Blocking fat transport linked to longevity and life span

Blocking fat transport around the body helps increase the life span, research says.


Fat finding: Fat transport and storage matters to longevity, according to a new study. Here a store of mouse fat cells (red) is permeated by blood vessels (green); Credit: Daniela Malide, NHLBI/NIH

Published in the journal Autophagy, scientists who worked on nematodes say a naturally occuring protein, Vitellogenin (VIT), a worm yolk lipoprotein, transports fats in the body while hindering essential functions in cells thereby reducing the lifespan. This study says that by genetically blocking this protein, nematodes lived up to 40 percent longer!

A similar protein called apolipoprotein (apoB) is found in mice and humans which does the same action as well.

VIT and its ortholog apoB are the major decider of what happens to fat inside intestinal cells. They hinder lipophagy which catalyze fat breakdown. Based on the observations from the study, reducing the production of these lipoproteins allows increased lipophagy and the fat to be reused in different ways, thereby increasing the longevity.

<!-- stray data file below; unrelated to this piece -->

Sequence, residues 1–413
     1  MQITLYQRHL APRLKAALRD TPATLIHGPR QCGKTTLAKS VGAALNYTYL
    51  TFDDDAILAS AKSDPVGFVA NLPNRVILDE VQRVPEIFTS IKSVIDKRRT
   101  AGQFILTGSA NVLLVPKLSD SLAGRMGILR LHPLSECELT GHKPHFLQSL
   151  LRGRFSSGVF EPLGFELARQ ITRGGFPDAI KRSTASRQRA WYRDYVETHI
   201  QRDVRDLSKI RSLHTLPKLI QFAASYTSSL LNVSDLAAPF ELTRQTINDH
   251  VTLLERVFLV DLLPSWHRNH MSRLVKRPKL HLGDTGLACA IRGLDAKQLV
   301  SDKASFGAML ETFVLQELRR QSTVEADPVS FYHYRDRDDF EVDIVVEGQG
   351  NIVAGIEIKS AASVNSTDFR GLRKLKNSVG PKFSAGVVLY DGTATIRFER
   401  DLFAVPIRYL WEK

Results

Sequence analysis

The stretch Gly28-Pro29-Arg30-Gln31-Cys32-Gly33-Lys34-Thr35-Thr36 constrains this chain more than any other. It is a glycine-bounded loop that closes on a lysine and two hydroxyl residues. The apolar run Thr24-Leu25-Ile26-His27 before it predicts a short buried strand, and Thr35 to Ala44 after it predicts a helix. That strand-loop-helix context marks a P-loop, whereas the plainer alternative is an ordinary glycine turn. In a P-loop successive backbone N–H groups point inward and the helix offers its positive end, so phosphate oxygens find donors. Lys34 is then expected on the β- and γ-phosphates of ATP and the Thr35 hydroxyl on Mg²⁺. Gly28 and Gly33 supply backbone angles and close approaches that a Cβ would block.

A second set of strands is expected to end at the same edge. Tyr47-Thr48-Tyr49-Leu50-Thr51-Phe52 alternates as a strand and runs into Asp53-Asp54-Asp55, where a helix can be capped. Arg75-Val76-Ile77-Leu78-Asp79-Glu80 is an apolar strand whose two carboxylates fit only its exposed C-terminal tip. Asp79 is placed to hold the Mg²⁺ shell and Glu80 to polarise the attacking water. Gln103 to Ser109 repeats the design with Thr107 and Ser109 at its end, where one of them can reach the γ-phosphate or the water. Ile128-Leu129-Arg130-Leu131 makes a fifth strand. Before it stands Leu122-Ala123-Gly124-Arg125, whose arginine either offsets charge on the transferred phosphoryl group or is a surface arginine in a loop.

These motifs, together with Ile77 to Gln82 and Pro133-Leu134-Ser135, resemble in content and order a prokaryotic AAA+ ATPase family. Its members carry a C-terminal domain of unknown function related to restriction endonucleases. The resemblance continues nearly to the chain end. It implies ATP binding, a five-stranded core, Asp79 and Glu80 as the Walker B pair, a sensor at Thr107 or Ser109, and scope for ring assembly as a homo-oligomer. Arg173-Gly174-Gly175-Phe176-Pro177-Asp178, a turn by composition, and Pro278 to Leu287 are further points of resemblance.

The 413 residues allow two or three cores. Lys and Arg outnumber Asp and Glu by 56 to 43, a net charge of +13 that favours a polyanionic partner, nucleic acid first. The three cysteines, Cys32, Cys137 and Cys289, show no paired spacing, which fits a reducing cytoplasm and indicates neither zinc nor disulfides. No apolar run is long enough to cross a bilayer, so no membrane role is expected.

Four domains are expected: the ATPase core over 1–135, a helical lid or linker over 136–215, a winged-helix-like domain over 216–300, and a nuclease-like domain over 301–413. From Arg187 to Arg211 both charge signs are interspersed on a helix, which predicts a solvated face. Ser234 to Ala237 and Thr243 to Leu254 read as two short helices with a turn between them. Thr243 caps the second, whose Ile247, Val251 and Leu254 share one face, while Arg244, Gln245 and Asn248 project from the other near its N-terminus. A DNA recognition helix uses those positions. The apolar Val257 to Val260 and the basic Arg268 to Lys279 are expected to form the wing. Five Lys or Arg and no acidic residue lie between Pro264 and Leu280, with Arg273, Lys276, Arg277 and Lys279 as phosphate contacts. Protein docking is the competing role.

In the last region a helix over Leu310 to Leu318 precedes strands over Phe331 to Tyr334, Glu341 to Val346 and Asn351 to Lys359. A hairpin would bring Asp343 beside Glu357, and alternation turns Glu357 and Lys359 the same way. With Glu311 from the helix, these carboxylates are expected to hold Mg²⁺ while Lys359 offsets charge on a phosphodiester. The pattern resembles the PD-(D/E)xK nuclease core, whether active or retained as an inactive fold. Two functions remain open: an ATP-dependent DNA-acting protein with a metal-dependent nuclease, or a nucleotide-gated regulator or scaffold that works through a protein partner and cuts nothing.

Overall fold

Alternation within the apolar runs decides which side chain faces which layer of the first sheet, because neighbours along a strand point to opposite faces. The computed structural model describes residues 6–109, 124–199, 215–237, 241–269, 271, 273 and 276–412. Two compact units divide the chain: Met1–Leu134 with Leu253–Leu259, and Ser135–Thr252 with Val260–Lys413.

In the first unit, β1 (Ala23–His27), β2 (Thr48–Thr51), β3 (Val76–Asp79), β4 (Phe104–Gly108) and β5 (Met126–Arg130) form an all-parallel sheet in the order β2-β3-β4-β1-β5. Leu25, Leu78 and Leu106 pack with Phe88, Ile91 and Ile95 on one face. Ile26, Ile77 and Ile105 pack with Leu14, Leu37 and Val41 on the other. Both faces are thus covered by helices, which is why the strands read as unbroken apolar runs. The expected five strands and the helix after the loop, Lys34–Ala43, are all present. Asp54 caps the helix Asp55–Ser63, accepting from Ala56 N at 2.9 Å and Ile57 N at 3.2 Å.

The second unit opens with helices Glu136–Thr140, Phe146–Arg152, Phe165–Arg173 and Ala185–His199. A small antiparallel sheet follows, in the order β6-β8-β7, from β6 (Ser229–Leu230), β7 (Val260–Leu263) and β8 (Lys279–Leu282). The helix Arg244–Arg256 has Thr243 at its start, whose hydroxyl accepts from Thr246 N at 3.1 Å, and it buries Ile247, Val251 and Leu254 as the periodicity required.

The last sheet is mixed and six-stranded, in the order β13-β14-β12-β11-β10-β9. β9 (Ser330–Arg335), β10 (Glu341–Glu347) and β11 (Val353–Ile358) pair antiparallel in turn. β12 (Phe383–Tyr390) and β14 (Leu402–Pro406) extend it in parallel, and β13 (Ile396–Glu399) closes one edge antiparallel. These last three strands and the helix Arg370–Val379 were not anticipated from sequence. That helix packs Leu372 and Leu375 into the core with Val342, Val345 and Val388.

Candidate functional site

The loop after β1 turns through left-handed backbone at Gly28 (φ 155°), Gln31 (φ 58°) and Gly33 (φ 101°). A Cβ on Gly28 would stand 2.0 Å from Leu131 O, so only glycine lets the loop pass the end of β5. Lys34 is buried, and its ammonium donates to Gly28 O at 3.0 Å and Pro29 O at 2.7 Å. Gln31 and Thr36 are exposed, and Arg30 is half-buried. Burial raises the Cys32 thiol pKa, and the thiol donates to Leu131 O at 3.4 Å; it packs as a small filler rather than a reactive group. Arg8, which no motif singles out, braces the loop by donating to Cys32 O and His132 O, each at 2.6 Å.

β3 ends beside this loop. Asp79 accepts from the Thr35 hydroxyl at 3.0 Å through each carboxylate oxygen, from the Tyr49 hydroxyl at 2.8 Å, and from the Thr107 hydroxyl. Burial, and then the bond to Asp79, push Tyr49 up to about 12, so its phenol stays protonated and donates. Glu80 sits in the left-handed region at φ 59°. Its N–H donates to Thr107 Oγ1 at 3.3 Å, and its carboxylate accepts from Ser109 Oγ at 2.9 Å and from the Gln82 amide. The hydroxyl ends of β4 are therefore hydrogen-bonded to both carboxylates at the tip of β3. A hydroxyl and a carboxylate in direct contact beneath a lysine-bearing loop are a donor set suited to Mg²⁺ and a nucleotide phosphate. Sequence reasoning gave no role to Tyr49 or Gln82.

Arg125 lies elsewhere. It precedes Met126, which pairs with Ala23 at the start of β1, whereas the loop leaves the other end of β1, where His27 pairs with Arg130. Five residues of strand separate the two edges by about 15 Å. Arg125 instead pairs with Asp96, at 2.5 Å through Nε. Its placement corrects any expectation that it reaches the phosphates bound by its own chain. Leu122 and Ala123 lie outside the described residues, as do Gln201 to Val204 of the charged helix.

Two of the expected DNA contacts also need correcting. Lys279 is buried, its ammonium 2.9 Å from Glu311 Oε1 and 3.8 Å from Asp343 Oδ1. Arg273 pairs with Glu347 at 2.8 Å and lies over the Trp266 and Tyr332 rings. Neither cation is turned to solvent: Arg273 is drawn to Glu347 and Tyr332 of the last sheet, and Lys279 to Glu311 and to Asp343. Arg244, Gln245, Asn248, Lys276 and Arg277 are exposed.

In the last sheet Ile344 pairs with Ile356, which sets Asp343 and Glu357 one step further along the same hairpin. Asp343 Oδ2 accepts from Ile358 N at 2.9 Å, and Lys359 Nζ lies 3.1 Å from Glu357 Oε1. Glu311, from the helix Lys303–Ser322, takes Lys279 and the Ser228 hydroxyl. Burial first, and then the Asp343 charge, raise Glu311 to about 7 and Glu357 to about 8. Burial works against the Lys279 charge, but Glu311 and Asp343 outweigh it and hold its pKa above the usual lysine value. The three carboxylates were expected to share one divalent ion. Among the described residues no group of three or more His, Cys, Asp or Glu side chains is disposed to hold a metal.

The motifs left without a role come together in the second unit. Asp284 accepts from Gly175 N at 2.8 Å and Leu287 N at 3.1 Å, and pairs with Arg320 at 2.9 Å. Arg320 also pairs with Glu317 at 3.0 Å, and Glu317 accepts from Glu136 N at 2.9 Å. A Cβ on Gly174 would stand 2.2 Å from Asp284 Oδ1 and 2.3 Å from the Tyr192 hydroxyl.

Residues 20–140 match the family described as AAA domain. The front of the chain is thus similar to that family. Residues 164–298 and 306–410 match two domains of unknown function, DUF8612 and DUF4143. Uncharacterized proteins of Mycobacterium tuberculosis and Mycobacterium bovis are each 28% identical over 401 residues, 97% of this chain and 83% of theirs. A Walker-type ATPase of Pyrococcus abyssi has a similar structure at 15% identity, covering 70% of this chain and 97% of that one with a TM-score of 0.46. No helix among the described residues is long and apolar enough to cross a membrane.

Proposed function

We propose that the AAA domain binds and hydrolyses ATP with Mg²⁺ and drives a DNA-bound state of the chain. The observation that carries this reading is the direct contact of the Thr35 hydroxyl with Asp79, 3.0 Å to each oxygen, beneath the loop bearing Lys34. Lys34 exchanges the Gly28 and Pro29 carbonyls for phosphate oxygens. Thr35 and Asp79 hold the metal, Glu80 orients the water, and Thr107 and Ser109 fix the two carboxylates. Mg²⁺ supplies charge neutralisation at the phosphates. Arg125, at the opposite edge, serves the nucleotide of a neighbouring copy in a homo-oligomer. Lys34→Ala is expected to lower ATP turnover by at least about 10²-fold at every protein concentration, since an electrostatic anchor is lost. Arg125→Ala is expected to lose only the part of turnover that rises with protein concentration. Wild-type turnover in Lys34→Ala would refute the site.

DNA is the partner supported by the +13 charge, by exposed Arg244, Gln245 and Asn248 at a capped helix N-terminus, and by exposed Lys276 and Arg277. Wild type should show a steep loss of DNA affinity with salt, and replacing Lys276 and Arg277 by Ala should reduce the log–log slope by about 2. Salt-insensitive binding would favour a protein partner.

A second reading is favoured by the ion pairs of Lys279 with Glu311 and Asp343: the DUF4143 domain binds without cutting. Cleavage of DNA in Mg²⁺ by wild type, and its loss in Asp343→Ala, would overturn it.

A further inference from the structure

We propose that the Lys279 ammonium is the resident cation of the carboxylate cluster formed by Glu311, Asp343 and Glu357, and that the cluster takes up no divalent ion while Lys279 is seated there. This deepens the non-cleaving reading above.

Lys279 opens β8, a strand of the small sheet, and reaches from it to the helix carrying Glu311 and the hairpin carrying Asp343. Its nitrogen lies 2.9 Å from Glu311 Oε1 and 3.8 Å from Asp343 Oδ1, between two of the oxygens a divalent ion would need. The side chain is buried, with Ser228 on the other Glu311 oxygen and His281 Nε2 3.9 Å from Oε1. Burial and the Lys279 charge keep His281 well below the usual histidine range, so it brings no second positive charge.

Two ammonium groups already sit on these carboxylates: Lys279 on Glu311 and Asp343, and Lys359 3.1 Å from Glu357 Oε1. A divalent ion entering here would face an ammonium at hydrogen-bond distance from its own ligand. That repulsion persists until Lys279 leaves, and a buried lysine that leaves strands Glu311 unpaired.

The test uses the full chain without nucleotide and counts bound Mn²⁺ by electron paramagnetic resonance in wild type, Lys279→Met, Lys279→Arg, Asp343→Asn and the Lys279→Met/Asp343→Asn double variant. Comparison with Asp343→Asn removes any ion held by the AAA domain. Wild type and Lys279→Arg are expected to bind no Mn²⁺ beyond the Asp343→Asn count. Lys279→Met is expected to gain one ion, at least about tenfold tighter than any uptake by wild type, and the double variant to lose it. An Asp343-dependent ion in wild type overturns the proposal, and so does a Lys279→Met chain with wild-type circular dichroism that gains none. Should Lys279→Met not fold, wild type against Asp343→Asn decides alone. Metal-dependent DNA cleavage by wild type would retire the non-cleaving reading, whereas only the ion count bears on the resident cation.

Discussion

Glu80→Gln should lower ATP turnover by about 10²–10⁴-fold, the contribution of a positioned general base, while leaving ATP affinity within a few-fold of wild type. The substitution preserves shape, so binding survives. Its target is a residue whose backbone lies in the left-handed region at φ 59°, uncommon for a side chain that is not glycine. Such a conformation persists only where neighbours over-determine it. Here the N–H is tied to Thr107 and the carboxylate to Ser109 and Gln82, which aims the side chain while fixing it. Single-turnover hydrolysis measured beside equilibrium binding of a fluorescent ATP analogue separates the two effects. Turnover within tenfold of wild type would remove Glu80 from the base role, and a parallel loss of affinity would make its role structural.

Aside from controlling apoB, longevity was also associated with dietary restriction –  animals that eat less, produce less apoB and live longer.

In nematodes, the normal purpose of VIT is transporting fat from intestine to reproductive system to nourish eggs and to aid in reproduction. Similarly in mammals, a purpose of apoB is to transfer fats away from the intestine and liver toward other tissues where they can either be used or stored.

Silencing the protein in the worm extends its lifespan which gives a promising strategy to prevent age – related disease in humans, senior author of the study Louis Lapierre said.

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